Sunday, July 12, 2009

From the Archives:
Summer Poetry

Earlier this morning, I was looking through some old notebooks and folders which hold just about everything I've ever written. In the pages worn by time and age, I came across a few things that seemed appropriate to share on this cloudless, blue sky summer day in New York City. Enjoy!

Summer Legs
The heat of summer brushes off the cold of winter,
standing upon new legs, sturdy and strong.
They’re bumped and bruised from
slips and dives in the tall, green grass.
Their tan tone clashes with the
splashes of mud and dirt,
that threaten the useless bandage out of place.

Summer legs run in and our of trouble,
dodging the buzzing bees and stepping on a
poor ant along the way.
They pause only for a short while
to admire at a newly formed cut or bug bite.
They’re off again at the mere indication
that the game they had abandoned long before
suddenly decided to grab their itchy attention.

The summer sun sets and still
strong and sturdy new legs splash through
the puddles that spring left behind.
Just when the time has come to finally lay them to rest,
a shout fills the humid air,
the mud and ache are long forgotten,
as they sprint away into the setting sun.

At- Bat
That tall terror on the mound
grinds his hand in his glove,
where his pitch of choice is found.

I lean obnoxiously over the plate,
and watch the pitcher’s eyes
go from collected to completely irate.

The pitch barrels into the catcher’s mitt,
as if launched from a World War II tank,
not one I could hit.

Old Blue behind the plate yells,
“Strike Two”, at the next
and the crowd’s boos swell.

My mind fills again,
not with fear or pressure,
but with the smell of franks and pretzels roasting on the grill.

Those who long to see me be king,
hold their breath and gasp,
as the pitch is thrown with some gas
and I take a step and swing!!



Rain Delay
The field transforms into a labyrinth of puddles,
where ground balls splash their way
into the fielder’s glove.

The players, clad in sweat and mud,
struggle to grasp the slippery sphere,
as raindrops drip off the ends of their caps.

The umpire calls them in a shivering shout,
as he watches the white chalk lines drown
into the base line lagoon.

The day is over.
The game is done without a single pitch thrown,
giving the storm- laden clouds their
rain soaked victory.

A Saturday Morning with Dad
Back and forth
does the rusty blade sway,
sweeping the rest of
the tall grass away.

The mower strays behind me,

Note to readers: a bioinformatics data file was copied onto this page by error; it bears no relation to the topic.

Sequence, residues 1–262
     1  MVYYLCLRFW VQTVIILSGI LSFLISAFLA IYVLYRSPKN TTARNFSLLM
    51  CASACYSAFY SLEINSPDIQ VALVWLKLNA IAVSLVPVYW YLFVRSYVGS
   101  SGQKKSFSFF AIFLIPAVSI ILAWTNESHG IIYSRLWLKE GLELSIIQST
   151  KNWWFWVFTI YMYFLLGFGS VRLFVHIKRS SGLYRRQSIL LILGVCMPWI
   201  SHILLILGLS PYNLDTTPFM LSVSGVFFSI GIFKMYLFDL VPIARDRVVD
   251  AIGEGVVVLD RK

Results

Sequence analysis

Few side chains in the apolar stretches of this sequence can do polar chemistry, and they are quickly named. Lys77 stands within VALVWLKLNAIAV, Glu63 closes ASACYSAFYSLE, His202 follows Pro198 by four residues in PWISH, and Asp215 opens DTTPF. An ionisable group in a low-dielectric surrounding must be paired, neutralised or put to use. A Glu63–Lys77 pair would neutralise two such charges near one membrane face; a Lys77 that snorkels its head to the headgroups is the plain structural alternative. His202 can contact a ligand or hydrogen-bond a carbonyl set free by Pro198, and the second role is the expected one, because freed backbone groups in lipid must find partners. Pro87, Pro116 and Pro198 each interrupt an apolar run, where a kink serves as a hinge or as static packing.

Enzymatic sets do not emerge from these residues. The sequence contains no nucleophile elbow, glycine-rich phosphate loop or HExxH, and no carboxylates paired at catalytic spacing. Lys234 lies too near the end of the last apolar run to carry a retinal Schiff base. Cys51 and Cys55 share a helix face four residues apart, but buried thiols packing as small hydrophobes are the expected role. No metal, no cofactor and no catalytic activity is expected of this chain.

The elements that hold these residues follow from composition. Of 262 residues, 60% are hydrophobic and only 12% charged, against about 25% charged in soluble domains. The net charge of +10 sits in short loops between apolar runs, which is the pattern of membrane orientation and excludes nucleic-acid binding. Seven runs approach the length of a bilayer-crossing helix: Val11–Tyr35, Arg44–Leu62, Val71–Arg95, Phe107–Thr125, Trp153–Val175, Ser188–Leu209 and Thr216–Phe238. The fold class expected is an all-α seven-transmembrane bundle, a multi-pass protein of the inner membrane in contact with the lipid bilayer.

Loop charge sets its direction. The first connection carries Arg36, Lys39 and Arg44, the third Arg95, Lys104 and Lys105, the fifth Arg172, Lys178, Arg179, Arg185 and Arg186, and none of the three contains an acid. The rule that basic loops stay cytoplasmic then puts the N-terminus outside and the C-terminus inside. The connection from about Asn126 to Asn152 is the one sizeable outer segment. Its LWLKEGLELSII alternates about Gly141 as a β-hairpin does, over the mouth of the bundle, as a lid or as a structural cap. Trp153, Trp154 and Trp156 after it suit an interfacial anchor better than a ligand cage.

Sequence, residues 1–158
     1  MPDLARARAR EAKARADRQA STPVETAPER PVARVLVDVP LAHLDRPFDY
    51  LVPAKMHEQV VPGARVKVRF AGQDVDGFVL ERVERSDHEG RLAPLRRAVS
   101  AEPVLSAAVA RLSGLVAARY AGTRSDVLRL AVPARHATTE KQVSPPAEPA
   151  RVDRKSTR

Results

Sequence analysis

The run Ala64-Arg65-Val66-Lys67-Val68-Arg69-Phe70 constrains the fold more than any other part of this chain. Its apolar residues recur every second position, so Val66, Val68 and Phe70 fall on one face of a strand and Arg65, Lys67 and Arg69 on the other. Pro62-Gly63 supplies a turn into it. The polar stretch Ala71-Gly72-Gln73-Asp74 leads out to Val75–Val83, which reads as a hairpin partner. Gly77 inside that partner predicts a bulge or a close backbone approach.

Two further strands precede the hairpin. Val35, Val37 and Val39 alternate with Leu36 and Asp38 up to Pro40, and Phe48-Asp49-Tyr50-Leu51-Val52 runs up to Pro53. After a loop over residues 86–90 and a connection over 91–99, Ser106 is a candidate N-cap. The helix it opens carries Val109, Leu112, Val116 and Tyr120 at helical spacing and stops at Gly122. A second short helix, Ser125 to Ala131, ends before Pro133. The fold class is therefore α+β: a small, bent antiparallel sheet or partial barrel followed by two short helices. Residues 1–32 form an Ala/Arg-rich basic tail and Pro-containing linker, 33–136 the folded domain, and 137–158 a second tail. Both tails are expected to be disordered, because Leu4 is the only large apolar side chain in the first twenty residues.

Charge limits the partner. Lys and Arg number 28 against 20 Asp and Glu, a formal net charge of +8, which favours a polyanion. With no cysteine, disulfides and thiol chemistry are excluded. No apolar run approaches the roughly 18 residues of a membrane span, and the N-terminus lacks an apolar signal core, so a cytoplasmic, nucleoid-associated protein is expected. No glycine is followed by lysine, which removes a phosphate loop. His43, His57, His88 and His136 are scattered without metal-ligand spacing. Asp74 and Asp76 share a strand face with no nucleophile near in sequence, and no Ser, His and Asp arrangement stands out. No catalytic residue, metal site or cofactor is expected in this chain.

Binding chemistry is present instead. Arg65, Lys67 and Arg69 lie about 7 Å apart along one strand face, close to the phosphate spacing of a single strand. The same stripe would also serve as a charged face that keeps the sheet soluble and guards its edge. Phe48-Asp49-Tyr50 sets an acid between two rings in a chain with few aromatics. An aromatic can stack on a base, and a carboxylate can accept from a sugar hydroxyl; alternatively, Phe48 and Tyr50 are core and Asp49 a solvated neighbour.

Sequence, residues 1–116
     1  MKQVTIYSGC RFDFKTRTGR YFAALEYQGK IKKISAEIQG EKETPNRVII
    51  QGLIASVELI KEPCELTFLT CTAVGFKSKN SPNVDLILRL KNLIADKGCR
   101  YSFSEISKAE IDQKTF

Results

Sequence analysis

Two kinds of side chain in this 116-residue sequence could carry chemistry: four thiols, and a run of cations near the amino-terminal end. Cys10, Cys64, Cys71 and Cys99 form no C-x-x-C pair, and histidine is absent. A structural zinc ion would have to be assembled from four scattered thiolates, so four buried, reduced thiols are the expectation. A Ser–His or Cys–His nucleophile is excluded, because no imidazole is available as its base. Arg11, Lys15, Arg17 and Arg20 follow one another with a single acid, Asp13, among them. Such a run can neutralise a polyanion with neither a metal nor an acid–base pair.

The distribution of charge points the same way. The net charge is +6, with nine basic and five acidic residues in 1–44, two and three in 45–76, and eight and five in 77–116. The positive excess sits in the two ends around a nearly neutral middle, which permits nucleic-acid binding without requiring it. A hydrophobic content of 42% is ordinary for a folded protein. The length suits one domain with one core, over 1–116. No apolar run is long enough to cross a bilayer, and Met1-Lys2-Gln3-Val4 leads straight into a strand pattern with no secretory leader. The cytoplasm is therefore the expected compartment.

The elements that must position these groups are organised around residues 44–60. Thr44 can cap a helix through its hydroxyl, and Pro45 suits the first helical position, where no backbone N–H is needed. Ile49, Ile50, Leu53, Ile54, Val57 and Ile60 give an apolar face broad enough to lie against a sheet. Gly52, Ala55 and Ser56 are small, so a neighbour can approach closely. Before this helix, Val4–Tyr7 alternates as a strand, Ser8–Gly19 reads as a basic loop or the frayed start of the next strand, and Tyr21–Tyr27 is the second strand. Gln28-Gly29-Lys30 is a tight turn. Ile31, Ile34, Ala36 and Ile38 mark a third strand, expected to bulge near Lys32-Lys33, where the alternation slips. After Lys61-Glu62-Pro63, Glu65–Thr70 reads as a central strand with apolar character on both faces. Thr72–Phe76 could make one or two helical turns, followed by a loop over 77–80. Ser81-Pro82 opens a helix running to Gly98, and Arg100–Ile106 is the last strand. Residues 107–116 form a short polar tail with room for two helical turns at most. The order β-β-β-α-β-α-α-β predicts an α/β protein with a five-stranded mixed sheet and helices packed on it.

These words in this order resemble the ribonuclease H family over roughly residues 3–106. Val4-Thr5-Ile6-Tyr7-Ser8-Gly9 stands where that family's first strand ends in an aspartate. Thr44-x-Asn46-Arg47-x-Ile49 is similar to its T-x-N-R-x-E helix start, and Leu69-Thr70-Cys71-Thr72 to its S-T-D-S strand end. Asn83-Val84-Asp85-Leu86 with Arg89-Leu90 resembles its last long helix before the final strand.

with good ol’ Dad,
who wants to do nothing more
than run and flee.

We trudge silently along
with the sound of
the mower and the blade
as our only song.

Our muscles begin to fade
and we pause to
stare out on what
has become the Everglades.

After a stout cough
and a little chat,
we bravely set up our plan of attack
to finish it off.



Player Spotlight: Hall of Famer Al Kaline



Today’s spotlight centers on one of my dad’s favorite players when he was growing up. Al Kaline was an outfielder for the Detroit Tigers for 22 years and was a 15 time All-Star.

His numbers are more than impressive. In 1955, he led the league with a .340 batting average and 200 hits. He smacked 24 doubles that year with 120 RBI. In 1961, 41 of his 190 hits were doubles, also a league best. He won a World Series with the Tigers in 1968 over the St. Louis Cardinals who were led by Hall of Famer Bob Gibson (who had posted a 1.12 ERA that year). He batted .379 in the Series with two homeruns and eight RBI.

Kaline finished his career with a .297 batting average and 3,007 hits. He ended with 498 doubles, 399 homeruns and 1,583 RBI. He also won 10 Gold Gloves and was elected to the Hall of Fame in 1980.



Summer Reading/Viewing List: East of Eden and Truman



John Steinbeck’s East of Eden was recommended to me last summer by Next Magazine’s dining editor Peter Sherwood (whose blog Evenings with Peter is a MUST read). I devoured the novel in short order and it instantly became one of my favorite novels of all time. The story revolves around the lives of the Trask and Hamiliton families set in California. Steinbeck’s beautiful prose not only seamlessly marries the lives of both families, but also assaults your senses with astonishing sights, colors and smells of scenic Salinas Valley. Steinbeck also introduces one of the most depraved, intrinsically evil characters of all time in the person of Cathy Ames. I assure you that this novel does not disappoint and should be in your hands as you sun on the beach with some of Peter’s fella’s Sangria!



David McCullough is one of the nation’s most celebrated historians and with good reason. Truman is not only a riveting look at my favorite President, but also a masterpiece of historical writing. Highlights include Truman’s decision to drop the first (and only) atomic bombs on Japan, his firing of General Douglas McArthur, his hard fought re-election upset and his lifetime struggle with poverty. There are times in our country where seemingly ordinary men are capitulated in extraordinary situations and Truman proved he was beyond exceptional coming from humble roots. His deep and lasting love for his wife Bess and his irascible personality makes you admire him even more, especially after reading his famous fiery letter to a reviewer who panned his daughter Margaret’s operatic debut. The book is over 1,000 pages long, but I could have easily read thousands more. It's probably not something you want to lug to the beach, but is perfect reading for a cool, lazy summer evening.




2 comments:

  1. Oh Dan! You are a gem! Thank you!

    ReplyDelete
  2. That's a gem of a photo of you swinging. I wonder who took that!?

    I should really finish East of Eden...

    ReplyDelete